ISSUE #92

History of resistance and the black press


Biko 40 years on: A Symbol Beyond His Lifetime


“Death can itself be a politicising thing.”

Power play: how could SA media portray a female president?


Women in politics is contaminated by hegemonic masculinity

Axis and Revolution: Gabeba Baderoon compiles her fourth collection of poetry


“Poetry is not always pretty but sometimes it brings us close to beauty.”

Lessons from KPMG: be on guard, South Africans are on your case


Everyone in South Africa is paying for the sins of KPMG

We Cannot Be Silent: Multi-media exhibition offers space for healing and hope


Honouring the lives of girls and women in South Africa

Human rights reflected through art


Art and Human Rights: An exhibition

Legalizing Othering: The United States of Islamophobia


Legislating the exclusion of Muslims through state and federal policy

Pathways to Free Education


Taking the university beyond the ivory tower

Eskom and the mythology of black empowerment


Disturbing the heroes vs bad guys narrative

Dear Readers of The Journalist

You may have noticed that we have not updated The Journalist with new articles in January and February 2020. This is because we have been reflecting, on our work and planning for a new cycle.

When we started in 2014, we defined the mission of The Journalist as “to give history and context to key issues facing journalists in South Africa.

But the context of Journalism has changed quite dramatically in our county, and throughout Africa, over the last 6 years. It has been a period in which inequality has grown, the unresolved issues of apartheid keep coming back to haunt us and media diversity has not been achieved. And while our promise to give background to stories making news; acknowledge our pioneers; give voice to stories that don’t make the mainstream media and to help trainee journalists, remains, much has happened over the last years to make us reflect on how to maintain this vision today.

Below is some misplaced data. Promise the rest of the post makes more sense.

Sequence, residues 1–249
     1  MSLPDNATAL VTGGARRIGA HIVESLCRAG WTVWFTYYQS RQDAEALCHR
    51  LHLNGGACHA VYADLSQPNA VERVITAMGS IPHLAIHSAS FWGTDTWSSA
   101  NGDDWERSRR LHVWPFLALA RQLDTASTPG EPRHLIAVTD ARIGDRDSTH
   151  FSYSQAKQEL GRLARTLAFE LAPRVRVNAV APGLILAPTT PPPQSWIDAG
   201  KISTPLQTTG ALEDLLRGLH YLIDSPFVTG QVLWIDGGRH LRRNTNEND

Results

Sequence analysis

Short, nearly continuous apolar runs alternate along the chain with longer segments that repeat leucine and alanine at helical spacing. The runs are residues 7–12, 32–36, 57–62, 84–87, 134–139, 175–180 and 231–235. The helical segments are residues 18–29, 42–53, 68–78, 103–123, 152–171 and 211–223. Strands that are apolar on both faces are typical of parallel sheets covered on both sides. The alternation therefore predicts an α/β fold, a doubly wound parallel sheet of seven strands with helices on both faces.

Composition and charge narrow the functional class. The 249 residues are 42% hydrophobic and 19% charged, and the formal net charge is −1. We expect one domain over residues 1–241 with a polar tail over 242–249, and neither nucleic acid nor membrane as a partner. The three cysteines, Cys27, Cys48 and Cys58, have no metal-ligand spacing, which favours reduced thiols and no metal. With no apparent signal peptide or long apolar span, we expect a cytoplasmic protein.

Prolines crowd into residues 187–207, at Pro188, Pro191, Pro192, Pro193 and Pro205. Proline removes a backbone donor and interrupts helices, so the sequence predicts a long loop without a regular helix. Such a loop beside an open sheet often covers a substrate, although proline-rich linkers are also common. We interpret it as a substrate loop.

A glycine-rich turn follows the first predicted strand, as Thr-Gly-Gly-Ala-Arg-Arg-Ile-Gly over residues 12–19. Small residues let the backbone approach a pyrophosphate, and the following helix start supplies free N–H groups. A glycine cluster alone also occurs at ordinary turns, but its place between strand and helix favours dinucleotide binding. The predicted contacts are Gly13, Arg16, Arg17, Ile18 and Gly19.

The idea is to arm ourselves to emerge anew from March 2020.

Across the world there has been a crisis and decline in print media – both mainstream and alternative. In many cases we have witnessed a suppression by governments and media owners of a diversity of views, particularly those seeking social justice. We have also learnt that the eruption of social media, while potentially a weapon of a new democratic information age, also exhibits the threat of domination by Big Social Media, increased state surveillance, the locking of people into closed networks and the interference of dark forces in news content.

Web platforms across the world have faced the challenges of resource constraints and relevance, and have had to respond accordingly – from keeping public access open, to erecting pay firewalls and experimenting with new funding models.

In this context, a few questions have to be asked. What is Journalism? Who are the news makers, gatherers, commentators and analysts? Where are the voices outside of the bubble of elite and a Western-focussed mainstream?

This discussion is likely to be ongoing and we would like to draw in a broader family of readers and journalists into this conversation. It is a reflection that we need to have, and we feel excited about where this will take us.

In the meantime, we have a range of new and current voices live live from the end of March, and thereafter monthly.

ISSUE #92

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